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| Editor's Blog Section | Home shopping: don't let headline statistics mislead you
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17 July 2014

Home shopping: don't let headline statistics mislead you

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From Opinion column issue 68 – Summer 2014

More than ten per cent of online retailers are now believed to be doing half their business through mobile consumer devices; and click and collect, already popular, is predicted to see a further big surge in the coming years.

Such factoids make nice headline statistics, and are usually provided in good faith by responsible researchers; but they can easily get hijacked by people with their own agendas. For instance, what proportion of mobile purchases are made on smartphones, and what proportion on tablet computers? They’re not the same thing at all.

If you’re buying online with a phone, you’re quite likely to be doing it in a public place, and relying on your phone provider’s 3G data network to provide internet access – which introduces a range of connectivity and security issues.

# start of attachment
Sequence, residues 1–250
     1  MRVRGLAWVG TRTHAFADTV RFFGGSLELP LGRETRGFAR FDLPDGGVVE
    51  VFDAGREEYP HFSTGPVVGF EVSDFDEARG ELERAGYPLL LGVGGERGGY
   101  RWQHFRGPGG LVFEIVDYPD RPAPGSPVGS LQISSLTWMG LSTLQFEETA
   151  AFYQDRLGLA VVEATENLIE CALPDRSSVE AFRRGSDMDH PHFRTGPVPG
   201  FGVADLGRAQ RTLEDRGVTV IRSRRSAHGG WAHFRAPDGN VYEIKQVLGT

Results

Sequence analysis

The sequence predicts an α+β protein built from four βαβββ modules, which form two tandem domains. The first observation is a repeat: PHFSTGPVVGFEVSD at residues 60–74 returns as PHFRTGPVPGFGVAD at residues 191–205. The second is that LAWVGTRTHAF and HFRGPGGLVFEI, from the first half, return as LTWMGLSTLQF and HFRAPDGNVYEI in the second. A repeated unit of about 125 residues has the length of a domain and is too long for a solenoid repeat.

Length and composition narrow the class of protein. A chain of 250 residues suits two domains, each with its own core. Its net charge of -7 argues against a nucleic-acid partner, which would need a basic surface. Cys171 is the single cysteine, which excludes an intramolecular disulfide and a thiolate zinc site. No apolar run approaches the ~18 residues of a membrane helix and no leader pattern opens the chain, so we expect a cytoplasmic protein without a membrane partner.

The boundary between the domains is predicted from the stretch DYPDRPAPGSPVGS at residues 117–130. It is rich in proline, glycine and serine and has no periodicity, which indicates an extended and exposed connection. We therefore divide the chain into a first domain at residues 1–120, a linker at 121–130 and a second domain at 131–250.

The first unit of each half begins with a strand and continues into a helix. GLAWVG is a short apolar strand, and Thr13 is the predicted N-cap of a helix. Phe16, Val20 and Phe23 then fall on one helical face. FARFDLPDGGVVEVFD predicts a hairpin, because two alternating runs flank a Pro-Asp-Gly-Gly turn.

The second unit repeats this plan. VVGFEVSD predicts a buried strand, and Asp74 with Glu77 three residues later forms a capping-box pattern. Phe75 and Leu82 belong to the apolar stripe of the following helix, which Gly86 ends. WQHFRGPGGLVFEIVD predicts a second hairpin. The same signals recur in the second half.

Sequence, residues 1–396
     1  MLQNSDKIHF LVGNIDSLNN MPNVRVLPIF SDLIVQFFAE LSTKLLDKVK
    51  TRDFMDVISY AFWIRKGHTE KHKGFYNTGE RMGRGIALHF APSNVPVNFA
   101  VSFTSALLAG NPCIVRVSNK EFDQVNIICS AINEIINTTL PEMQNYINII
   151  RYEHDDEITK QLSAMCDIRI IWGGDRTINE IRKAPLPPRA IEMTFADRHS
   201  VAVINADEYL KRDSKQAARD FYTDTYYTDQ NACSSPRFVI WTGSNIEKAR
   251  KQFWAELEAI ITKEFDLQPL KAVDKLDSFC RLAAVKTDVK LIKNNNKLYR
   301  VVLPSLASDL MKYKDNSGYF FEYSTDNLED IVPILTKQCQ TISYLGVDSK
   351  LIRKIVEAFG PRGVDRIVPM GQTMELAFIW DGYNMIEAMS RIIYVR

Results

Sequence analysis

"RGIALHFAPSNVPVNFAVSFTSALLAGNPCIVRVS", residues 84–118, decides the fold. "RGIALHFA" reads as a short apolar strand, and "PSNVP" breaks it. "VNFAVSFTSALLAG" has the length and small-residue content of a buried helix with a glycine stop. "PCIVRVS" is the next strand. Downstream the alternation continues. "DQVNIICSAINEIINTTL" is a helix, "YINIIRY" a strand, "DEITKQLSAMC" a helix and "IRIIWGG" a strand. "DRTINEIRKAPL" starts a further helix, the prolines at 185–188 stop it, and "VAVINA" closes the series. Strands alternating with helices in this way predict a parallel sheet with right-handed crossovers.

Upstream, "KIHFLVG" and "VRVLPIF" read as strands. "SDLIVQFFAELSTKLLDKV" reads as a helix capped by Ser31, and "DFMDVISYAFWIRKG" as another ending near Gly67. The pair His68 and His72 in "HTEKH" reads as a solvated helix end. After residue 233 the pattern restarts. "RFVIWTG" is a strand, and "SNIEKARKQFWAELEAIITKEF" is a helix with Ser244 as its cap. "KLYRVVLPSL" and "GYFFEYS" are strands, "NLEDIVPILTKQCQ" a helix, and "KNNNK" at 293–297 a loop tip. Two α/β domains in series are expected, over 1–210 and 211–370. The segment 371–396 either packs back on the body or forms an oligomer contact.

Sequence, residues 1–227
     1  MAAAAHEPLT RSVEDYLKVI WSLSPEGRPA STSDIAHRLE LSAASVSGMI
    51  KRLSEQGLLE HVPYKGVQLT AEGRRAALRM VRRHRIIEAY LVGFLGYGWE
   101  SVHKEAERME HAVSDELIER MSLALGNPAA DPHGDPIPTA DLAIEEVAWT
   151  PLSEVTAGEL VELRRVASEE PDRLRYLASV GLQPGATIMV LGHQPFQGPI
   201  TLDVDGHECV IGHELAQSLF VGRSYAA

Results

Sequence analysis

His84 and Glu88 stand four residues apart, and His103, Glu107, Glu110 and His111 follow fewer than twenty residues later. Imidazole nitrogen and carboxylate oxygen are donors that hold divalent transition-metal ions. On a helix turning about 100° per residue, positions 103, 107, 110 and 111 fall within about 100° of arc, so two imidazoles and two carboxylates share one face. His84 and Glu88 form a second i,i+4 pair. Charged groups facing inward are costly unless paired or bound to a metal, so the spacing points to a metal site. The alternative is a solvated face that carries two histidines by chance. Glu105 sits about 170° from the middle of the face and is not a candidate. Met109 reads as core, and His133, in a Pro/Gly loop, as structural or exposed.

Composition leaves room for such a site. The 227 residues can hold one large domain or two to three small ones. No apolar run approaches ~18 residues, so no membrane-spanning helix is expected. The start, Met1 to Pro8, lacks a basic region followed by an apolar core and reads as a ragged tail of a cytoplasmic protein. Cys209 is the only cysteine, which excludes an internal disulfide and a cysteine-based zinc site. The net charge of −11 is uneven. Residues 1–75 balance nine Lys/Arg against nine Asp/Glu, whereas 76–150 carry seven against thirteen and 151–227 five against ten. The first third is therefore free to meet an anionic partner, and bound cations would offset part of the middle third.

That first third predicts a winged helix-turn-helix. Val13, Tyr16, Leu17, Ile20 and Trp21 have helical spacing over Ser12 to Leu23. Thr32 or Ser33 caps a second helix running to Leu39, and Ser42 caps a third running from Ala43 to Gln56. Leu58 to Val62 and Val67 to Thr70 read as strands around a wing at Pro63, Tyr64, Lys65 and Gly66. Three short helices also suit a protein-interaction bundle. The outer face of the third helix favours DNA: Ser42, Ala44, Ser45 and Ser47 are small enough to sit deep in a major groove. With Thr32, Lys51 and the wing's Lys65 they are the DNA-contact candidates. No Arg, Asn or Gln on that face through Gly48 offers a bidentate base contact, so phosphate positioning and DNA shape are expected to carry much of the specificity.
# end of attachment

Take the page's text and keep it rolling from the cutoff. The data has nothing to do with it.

It also raises the question of how you’re interacting with the retailer. Is it via an app? Is it through a customised or "responsive" web site (one that varies according to the device)? Or is it just through the retailer’s standard desktop browser?

By contrast, a tablet is really just a little laptop computer. You’re probably using it in your own sitting room, and connecting to the internet through your existing domestic Wi-Fi network. It doesn’t necessarily require a special web site, and it should be relatively secure. To call it mobile is misleading; "untethered" is possibly nearer the mark.

Then there’s click and collect. Does it mean collecting from the retailer’s own shop – possibly quite a trek, and not very different from what we once called "shopping"? Or does it mean collecting from a local drop-off point or locker bank? These options, surely, are a completely different proposition. They’re a kind of alternative home delivery, dictated by the consumer, not the retailer.

Such distinctions matter, because retailers and carriers will be formulating policy on the basis of statistics about these things. If that means you, then don’t be tricked by creative use of data; base your plans on reality. And if you’re a consumer, don’t let it happen.

Nothing less than the future shape of home shopping could be at stake.


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